State under second winter weather state of emergency

For the second time in a week, the entire state of Alabama is being placed under a state of emergency.  Ice accumulations from .25 to .30 of an inch are expected as well as sleet accumulations of up to a half-inch between 3 a.m. and 3 p.m. Thursday in north Alabama as part of Winter Storm Thor, the National Weather Service said Wednesday. The ice buildup on roads is expected to result in widespread hazardous traveling conditions.

Gov. Robert Bentley issued the emergency declaration Wednesday afternoon March 4, but it doesn’t become effective until the first minute of Thursday, March 5.

>> Governor’s Wednesday, March 4, news release
related to the emergency declaration

The previous emergency declaration was issued at 6 a.m. Wednesday, Feb. 25,  Snow, from one to almost 13 inches, fell Feb. 25 in 27 north Alabama counties.

When Alabama experiences a state of emergency, Alabama’s price gouging law is in effect.

ALABAMA’S PRICE GOUGING LAWMakes it unlawful for anyone to raise prices on commodities or lodging by more than 25 percent during the declared state of emergency. To avoid violating Alabama’s price gouging law, figure the price charged for each of the previous 30 days. Add the 30 daily prices, divide by 30, and multiply the price by .25, or 25 percent, to figure the maximum price increase allowed for any one day. The exception is if a wholesale price increases by more than 25 percent and merchants have no choice but to pass along the price increase.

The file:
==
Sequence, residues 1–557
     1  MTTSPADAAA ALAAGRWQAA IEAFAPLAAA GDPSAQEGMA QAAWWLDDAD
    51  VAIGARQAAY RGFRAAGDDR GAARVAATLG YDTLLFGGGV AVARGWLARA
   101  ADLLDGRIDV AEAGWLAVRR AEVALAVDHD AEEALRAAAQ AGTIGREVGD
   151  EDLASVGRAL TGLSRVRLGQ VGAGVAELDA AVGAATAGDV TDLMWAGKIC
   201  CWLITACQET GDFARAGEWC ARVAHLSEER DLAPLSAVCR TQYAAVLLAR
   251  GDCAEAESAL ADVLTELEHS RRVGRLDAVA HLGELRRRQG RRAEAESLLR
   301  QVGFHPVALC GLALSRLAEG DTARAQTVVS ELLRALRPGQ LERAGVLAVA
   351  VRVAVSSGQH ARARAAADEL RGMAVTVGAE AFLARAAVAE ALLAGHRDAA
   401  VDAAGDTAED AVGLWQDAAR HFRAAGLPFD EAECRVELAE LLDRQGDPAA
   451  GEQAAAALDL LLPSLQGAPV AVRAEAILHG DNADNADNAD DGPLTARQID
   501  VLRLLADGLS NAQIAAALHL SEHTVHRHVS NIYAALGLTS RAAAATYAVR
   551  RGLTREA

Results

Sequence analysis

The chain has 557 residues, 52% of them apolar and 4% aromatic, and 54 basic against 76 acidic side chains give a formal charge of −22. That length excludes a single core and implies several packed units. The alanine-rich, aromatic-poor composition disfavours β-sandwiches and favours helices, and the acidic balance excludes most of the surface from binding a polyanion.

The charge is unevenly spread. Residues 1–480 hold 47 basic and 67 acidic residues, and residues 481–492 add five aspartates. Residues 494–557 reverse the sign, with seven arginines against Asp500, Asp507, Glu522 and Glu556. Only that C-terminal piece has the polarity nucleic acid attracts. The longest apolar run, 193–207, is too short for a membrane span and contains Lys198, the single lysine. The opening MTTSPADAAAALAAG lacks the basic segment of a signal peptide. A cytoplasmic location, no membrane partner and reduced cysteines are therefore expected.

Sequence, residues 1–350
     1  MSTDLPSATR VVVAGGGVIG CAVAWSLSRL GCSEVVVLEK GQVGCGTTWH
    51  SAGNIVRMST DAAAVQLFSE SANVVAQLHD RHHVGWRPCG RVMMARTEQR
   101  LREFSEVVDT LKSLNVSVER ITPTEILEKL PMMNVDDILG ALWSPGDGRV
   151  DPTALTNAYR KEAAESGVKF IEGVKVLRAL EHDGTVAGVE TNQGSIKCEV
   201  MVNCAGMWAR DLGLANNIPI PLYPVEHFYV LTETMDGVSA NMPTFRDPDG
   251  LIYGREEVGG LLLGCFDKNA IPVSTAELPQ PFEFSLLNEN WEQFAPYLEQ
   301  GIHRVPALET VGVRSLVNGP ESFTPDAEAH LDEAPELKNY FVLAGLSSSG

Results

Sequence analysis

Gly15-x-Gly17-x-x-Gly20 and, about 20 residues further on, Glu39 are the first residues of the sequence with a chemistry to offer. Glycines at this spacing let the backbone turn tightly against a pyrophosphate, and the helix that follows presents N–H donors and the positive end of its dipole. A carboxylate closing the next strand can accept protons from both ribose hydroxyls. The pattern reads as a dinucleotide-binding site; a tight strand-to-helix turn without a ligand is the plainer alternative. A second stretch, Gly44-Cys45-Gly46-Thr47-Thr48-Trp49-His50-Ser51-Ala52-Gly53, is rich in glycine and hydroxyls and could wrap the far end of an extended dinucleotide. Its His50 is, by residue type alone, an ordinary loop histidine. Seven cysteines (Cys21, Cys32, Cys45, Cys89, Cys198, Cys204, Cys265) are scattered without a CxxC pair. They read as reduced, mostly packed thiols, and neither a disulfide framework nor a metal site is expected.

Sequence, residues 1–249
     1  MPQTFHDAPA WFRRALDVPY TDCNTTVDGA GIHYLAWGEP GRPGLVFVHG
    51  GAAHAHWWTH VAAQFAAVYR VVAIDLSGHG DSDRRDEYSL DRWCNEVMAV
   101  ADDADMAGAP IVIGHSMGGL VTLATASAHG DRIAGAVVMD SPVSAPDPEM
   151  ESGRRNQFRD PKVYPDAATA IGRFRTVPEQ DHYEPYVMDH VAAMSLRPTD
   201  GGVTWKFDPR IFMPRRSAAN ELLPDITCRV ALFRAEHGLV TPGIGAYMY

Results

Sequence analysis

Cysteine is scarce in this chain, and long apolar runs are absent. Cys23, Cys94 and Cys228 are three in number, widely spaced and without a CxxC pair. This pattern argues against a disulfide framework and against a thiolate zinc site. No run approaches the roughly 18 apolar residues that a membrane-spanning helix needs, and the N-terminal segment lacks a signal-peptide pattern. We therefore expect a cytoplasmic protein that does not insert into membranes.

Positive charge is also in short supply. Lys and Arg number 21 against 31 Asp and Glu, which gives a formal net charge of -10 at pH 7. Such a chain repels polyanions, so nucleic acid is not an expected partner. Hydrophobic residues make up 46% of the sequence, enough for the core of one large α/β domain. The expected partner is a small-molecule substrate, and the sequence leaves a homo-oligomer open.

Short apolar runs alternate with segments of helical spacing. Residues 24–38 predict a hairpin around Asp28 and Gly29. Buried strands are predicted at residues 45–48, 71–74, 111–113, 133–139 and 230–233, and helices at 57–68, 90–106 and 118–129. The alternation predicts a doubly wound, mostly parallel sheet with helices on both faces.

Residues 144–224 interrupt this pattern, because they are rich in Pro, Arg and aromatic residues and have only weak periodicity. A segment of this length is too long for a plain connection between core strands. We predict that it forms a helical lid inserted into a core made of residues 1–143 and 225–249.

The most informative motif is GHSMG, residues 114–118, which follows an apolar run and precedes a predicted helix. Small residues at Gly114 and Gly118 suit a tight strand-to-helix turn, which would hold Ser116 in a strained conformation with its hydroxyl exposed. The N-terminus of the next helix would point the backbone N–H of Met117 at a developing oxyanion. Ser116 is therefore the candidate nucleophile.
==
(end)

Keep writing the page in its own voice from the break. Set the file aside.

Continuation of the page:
The fine for violating Alabama’s price gouging law can be up to $1,000 per incident. Those who willfully and continually violate the law can be banned from doing business in Alabama.

The emergency proclamation allows truck drivers delivering disaster-related supplies and goods to exceed the hours of service or spend less time off duty than required by federal law. The waiver only applies to the time a driver is delivering the disaster supplies for up to five days after the emergency declaration, or until the declaration ends. Under federal law, a driver may drive only during a period of 14 consecutive hours after coming on duty following 10 consecutive hours off duty. The proclamation loosens that regulation only as it relates to the timely delivery of disaster supplies for the five days after the emergency declaration.

The main site for the latest road and bridge closures and openings can be found at Alabama Department of Transportation Road Conditions. You can print off reports for counties where you operate from that site and it is updated regularly. Because of the volume of usage, the site may be slow to respond.

Early March 5, ALDOT activated its Emergency Call Center. Call 888-588-2848 for information on conditions of Alabama’s state, U.S. and interstate highways.

For information on permitting related to oversize or overweight loads, contact the Alabama Department of Transportation’s Vehicle Enforcement Office from 7 a.m. to 4:45 p.m. CST Monday – Friday.


  • For medical and life-threatening emergencies, dial 9-1-1.
  • Drivers can report an accident or other emergencies to state troopers by dialing *HP on their cellular devices.
  • Businesses that want to know how to help or donate to relief efforts, call 2-1-1.

Visit Alabama Retail’s Emergency Preparedness page for other links to the state’s emergency management resources.

Photo caption: Traffic backs up in Birmingham during a January 2014 snow storm that brought portions of that area to a standstill for days. Photo by Hal Yeager.